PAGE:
Now then, Minnie. While she's known almost exclusively as an actress, Driver was a singer first and foremost. As a teenager she performed in the jazz clubs of London, and started a group that caught the attention of Island Records (band name: Puff, Rocks and Brown. Ew). Noticing Driver's charisma, the big label had designs on turning her into the next Kylie Minogue. At the same time, however, Circle of Friends, which featured Driver's breakout performance acting alongside Chris O'Donnell, was earning massive critical and popular acclaim, and before she knew it she was swept up by the Hollywood tornado and plunked back down in flicks like Good Will Hunting and Grosse Pointe Blank. Still, she's been writing songs all along, but just never found the time to sit down and record them. When producer Marc "Doc" Dauer coaxed her into the studio two years ago and surrounded her with some ace musicians, she finally did. The result is Everything I've Got in My Pocket.
History aside, let's turn to the big question: Are these records any good? If you bet that Lewis' tunes would be better, let's hope you only wagered a sandwich. All you really need to know is that Like a Bolt of Lightning begins with Lewis taking a breath and snarling, "Put it in my hand and tell me how much pressure it takes to get you off."
No, that's not sexy; it's dumb.
What follows are five very juvenile rock songs, tough as nails made of Play-Doh. "Shelter Your Needs" starts with jittery drums and intermittent guitar stabs, in between which Lewis yells, "Give it all, give 'em hell, that's your birthright/ Back in grade school is where I learned to street fight." The song then explodes into a thoughtful chorus: "It's a mad, mad world!" The next tune, "Coming Around," ain't much better, or different; it's the same just-restrained distorto-verse bursting into -- care to guess? -- "Yeeeeaaaah, I'm coming around!" If there's anything that points to the potential of the Licks, it's "Got Love to Kill," a driving post-punk tune that recalls Blondie, and finds Lewis singing -- which she can do, if she tries -- instead of snarling.
Indeed, what's redeeming here, if anything, is Lewis herself -- not so much her lyrics but her personality. She brings the same go-ahead-and-underestimate-me attitude to her music as she does to her film career. And she does seem pretty down-to-earth.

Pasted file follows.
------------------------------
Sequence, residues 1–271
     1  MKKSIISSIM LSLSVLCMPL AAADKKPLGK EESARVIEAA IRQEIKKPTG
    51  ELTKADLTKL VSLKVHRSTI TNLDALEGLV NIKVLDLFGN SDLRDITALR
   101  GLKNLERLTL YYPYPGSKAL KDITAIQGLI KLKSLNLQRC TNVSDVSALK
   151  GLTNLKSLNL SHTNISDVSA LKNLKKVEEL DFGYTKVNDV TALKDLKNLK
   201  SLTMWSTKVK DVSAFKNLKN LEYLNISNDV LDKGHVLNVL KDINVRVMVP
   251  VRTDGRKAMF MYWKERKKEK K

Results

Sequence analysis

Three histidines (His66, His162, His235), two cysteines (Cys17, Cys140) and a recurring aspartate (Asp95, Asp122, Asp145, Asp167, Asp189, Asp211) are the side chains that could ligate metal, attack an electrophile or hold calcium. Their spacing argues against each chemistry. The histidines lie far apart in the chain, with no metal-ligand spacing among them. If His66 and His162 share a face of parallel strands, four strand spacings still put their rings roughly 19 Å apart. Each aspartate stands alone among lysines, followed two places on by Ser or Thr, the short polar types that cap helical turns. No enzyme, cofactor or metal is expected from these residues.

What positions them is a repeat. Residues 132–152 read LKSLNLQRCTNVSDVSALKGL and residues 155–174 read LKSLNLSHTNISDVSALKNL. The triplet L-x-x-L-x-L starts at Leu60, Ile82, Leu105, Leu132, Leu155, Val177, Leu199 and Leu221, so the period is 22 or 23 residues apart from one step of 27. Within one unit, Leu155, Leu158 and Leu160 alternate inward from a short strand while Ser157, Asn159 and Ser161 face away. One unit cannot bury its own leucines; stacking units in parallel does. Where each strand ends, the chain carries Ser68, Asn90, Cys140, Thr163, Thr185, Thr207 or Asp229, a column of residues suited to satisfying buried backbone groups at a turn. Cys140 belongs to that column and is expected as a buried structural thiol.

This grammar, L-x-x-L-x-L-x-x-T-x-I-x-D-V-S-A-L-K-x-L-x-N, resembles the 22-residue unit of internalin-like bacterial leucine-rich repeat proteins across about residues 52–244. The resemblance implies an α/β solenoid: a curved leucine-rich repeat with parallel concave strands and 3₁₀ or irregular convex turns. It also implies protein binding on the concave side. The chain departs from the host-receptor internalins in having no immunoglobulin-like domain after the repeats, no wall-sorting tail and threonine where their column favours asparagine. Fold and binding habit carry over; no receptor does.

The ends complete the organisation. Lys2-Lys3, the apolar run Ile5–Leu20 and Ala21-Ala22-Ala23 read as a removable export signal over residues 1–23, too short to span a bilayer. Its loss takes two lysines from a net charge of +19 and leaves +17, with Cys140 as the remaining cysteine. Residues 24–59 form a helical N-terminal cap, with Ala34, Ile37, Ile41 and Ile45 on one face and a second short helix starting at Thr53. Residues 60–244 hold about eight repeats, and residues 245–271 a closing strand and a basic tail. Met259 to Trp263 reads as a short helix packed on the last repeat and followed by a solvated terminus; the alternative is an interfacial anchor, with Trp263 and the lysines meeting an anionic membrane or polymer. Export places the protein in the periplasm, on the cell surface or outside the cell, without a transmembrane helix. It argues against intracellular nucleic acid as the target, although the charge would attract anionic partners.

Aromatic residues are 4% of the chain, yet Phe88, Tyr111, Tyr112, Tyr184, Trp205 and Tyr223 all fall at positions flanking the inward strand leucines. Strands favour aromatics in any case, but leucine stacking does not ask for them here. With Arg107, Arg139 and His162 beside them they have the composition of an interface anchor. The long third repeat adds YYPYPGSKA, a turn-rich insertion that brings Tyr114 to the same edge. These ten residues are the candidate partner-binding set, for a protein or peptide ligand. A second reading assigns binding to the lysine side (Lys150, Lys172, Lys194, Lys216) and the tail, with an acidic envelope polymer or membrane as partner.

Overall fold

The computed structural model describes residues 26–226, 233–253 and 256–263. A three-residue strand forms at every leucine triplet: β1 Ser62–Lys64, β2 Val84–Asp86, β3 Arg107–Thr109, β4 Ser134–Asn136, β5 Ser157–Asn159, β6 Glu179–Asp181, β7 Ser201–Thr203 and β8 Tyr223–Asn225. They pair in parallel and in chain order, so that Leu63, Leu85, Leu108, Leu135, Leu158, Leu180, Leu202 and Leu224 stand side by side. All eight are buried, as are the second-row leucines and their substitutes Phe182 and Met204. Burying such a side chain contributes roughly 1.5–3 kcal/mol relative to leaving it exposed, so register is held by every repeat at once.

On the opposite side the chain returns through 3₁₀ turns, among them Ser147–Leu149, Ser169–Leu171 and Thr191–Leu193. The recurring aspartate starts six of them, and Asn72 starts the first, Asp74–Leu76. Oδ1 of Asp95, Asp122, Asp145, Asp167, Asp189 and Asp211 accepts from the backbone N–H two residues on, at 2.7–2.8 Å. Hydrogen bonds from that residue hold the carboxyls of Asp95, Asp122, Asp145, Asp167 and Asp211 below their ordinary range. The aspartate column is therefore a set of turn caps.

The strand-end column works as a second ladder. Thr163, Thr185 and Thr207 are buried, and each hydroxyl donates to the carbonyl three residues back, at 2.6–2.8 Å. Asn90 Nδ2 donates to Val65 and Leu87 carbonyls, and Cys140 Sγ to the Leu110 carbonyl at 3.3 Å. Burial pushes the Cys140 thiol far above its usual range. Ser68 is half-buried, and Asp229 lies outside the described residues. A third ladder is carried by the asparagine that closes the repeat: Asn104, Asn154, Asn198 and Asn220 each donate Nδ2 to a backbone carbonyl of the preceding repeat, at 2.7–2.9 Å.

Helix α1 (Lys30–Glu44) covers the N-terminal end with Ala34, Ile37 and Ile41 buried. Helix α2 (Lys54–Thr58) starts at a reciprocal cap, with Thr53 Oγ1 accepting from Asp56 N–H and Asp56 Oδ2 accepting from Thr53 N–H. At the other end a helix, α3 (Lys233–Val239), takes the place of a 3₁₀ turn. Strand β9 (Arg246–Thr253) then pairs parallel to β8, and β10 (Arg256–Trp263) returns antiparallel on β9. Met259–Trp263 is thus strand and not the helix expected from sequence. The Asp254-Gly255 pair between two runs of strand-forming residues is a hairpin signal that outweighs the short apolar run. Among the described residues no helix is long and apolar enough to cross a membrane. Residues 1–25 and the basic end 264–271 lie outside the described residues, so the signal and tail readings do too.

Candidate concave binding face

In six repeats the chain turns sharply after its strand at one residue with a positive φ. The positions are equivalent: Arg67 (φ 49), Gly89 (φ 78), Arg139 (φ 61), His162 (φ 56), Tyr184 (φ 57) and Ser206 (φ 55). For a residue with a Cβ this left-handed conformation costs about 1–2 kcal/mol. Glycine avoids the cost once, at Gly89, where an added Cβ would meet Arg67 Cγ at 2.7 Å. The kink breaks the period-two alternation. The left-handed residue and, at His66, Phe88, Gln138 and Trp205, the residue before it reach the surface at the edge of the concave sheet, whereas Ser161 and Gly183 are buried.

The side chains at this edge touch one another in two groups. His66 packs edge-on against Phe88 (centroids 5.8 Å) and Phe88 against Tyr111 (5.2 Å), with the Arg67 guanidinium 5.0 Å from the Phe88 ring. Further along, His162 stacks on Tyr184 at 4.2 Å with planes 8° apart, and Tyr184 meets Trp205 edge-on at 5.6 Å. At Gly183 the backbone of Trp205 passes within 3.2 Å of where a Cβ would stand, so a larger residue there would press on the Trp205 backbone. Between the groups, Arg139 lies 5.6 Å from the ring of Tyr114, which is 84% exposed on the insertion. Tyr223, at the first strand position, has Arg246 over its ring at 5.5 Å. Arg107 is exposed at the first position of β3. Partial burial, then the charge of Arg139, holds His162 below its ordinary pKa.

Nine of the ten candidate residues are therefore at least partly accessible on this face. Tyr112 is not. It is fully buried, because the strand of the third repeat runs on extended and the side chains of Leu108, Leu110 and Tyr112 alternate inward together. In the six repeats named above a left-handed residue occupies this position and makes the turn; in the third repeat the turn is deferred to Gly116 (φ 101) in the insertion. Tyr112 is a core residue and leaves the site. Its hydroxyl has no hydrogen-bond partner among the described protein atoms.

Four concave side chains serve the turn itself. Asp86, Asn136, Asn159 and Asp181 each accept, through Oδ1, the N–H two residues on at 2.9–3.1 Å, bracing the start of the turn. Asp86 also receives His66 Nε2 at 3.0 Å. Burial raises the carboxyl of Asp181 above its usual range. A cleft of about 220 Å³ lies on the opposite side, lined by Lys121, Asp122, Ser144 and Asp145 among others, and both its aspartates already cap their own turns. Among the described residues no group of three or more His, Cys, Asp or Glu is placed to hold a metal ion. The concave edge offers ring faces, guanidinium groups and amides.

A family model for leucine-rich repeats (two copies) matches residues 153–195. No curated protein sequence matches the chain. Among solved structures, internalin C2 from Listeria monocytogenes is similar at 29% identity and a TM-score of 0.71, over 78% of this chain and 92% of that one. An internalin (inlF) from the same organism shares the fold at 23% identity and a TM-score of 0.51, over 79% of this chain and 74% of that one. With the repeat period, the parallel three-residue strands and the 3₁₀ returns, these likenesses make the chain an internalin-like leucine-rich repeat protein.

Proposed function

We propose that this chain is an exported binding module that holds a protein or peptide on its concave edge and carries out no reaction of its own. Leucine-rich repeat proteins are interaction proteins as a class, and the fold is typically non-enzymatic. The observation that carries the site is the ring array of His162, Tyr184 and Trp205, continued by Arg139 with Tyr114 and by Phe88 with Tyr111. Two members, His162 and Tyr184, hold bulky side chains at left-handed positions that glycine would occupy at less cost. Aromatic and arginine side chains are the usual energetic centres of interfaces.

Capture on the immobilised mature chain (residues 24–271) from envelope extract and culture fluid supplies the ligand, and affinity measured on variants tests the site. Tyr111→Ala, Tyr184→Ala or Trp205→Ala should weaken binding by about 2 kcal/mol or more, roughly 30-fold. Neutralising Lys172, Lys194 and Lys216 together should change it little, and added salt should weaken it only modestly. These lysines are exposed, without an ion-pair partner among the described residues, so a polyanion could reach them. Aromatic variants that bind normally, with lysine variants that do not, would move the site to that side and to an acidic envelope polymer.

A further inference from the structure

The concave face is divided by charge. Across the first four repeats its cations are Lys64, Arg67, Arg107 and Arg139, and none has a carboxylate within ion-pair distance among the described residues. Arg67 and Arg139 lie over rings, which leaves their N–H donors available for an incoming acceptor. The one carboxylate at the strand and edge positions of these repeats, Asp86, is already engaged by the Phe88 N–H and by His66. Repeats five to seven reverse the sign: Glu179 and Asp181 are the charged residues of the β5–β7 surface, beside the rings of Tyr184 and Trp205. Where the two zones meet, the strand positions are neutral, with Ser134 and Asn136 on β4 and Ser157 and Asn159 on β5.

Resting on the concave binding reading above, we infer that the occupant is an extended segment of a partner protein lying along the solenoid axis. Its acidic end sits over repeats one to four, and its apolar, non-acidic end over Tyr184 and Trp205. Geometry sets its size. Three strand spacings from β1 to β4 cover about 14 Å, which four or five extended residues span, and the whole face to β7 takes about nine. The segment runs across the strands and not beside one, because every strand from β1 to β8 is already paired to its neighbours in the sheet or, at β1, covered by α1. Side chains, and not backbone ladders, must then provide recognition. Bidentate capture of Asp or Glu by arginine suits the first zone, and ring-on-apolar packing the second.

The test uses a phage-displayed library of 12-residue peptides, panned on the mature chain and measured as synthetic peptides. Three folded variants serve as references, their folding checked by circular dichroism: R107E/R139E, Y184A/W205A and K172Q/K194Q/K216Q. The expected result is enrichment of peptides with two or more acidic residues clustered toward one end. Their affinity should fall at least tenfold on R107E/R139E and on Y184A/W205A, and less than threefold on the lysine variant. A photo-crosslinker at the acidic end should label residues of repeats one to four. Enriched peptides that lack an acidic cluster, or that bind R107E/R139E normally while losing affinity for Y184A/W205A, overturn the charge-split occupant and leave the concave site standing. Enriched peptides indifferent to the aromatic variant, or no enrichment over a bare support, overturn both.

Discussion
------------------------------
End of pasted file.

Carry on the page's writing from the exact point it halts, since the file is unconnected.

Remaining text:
Says Lewis of the Warp Tour organizers, "[They] thought I was going to show up in a sedan, driving separate from my band, and complain 'cause there's no showers, and all this horseshit, and I'm like, 'Do you know the fucking movies I've worked on? I've worked 18 hours a day. I've worked in a prison in 120 degree heat, with rattlesnakes.'"
Driver, on the other hand, doesn't strike me as the kind of woman who would put up with a cross-country punk rock tour. In conversation she's polite and pleasantly effervescent, not the commanding personality you typically associate with either a hot-shot actress or a burgeoning diva. After listening to her superior album, though, this understated attitude seems appropriate.
Driver's record is about love, about finding it and losing it and figuring out where it fits. Her songs are atmospheric and mellow, with warm production and memorable melodies. "So Well," one of the older tunes on the record that Driver wrote years ago, begins in a minor key with a few plucked guitar notes floated over wispy synths; as the song moves into a major key, Driver confidently announces, "I will put your pictures in a wooden box/ I will find a heart next time with fewer locks." "Invisible Girl" is a lilting number reminiscent of Dido, featuring acoustic guitars over plucky drum machines and a chorus that would have blended well with the soundtrack of Sex and the City. Her piano-based rework of the Springsteen classic "Hungry Heart" is quietly poignant. And while the album is full of wimpy, overly sensitive folk-pop, it's good at being just that, and should find an audience.
"Oh, I say, dismiss it up," Driver tells me when I ask what she'd say to cynics who dismiss her project as just another actor-band. "You know, whatever you want. Whatever you want to do. I can't deal with prejudice on any level. Any kind of blind dismissal, I just tend to write that off as inconsequential. I look into the faces of the people that I play for and that's far more encouraging than a lame dismissal by someone who hasn't even listened to the record."
It takes balls to go off and make an album knowing that most of the civilized world is going to pan it based on precedent alone. Just about every actor who has dipped his toe in the water of popular music has humiliated himself completely, and I wouldn't say either of these attempts is a total embarrassment. (Although: "Tell me how much pressure it takes to get you off"? Sheesh.) Seriously, though, Travolta Fever -- you can't do much worse than that.